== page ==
This week in Tech Reads: Twitter, YouTube, Her, and much more!
- New York Times film critic A.O. Scott recounts the weird turn of events when one of his tweets turned into an advertisement for Inside Llewyn Davis, and what happened next. [NYTimes]
- Ryan Graff explains how the New York Times' most popular item of 2013 was created by an intern. [Northwestern University Knight Lab]
- Kevin Roose answers the question on every movie-goer's mind: just how close are we to the artificially-intelligent romance of Her? [New York Magazine]
- Mark Slutsky reveals some of the saddest, strangest, and most touching notes written on the internet—in, of all places, YouTube comments. [BuzzFeed]
- Ben Crair thinks deep on the one thing that bothers you every time you text or type a message: "so-and-so is typing..." [New Republic]
- Alexis Madrigal reveals the masterminds behind the wildly popular (and frequently inaccurate) Twitter account, @HistoryInPics. [The Atlantic]
- Jenna Wortham studies Twitter's drawbacks through the lens of its most recent blowup, the Bieber arrest. [NYTimes]
Image: A United Launch Alliance Atlas V rocket lights up the night sky over Space Launch Complex 41 at Cape Canaveral Air Force Station in Florida as it carries NASA's Tracking and Data Relay Satellite, or TDRS-L, to Earth orbit. Launch was at 9:33 p.m. EST on Thursday, Jan. 23 during a 40-minute launch window.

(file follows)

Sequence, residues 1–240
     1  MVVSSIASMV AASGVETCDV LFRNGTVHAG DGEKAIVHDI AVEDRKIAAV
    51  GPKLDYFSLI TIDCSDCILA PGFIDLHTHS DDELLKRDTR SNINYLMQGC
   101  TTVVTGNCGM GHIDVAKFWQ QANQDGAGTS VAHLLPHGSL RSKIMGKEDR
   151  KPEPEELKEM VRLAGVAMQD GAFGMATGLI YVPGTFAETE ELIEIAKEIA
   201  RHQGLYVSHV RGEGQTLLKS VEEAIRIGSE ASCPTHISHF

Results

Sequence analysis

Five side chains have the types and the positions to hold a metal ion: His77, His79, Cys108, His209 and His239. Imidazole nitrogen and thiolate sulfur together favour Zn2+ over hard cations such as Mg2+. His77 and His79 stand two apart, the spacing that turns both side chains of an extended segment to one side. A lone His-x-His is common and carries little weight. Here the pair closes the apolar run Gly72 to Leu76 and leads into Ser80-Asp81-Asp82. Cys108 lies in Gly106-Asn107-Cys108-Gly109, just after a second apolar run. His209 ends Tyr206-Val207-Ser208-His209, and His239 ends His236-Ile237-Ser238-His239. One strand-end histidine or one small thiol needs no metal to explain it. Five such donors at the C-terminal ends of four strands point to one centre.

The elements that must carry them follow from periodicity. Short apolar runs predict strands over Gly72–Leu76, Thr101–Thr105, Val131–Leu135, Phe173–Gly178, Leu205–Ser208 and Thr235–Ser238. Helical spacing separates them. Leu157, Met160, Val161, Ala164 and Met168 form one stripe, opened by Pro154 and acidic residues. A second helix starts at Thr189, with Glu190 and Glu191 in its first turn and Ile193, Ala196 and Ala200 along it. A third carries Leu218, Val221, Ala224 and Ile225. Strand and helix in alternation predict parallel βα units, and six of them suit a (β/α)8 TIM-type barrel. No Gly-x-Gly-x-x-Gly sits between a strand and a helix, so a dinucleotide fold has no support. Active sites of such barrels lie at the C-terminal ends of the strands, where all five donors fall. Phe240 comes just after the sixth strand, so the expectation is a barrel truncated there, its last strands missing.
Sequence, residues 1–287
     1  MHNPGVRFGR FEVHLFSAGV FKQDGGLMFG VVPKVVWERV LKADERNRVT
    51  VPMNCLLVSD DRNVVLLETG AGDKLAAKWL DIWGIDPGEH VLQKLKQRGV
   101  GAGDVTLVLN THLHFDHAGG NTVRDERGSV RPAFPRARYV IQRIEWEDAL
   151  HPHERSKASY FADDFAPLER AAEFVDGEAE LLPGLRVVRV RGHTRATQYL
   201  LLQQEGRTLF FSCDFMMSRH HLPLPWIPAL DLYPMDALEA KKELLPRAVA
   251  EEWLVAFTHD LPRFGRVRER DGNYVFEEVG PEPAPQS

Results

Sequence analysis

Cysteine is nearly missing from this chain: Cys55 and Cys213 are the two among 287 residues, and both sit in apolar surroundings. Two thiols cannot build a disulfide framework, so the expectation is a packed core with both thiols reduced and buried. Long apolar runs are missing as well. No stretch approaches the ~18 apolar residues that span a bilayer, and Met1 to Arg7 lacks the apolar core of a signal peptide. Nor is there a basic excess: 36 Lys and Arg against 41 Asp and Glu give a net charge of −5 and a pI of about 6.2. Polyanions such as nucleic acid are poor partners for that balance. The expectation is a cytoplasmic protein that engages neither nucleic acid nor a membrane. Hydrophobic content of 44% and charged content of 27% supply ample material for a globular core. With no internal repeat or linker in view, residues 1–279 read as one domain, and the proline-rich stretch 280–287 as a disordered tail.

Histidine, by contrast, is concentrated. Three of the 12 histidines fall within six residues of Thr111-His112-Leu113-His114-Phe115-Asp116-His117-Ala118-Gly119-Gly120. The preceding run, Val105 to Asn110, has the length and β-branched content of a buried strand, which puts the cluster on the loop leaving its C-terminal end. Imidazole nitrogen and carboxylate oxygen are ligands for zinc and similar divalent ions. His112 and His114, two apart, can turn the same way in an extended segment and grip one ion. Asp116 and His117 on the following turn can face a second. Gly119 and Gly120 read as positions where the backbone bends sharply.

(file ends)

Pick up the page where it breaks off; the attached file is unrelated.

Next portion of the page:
The TDRS-L spacecraft is the second of three new satellites designed to ensure vital operational continuity for NASA by expanding the lifespan of the Tracking and Data Relay Satellite System (TDRSS) fleet, which consists of eight satellites in geosynchronous orbit. The spacecraft provide tracking, telemetry, command and high-bandwidth data return services for numerous science and human exploration missions orbiting Earth. These include NASA's Hubble Space Telescope and the International Space Station. TDRS-L has a high-performance solar panel designed for more spacecraft power to meet the growing S-band communications requirements. TDRSS is one of three NASA Space Communications and Navigation (SCaN) networks providing space communications to NASA's missions.
Image Credit: NASA/Dan Casper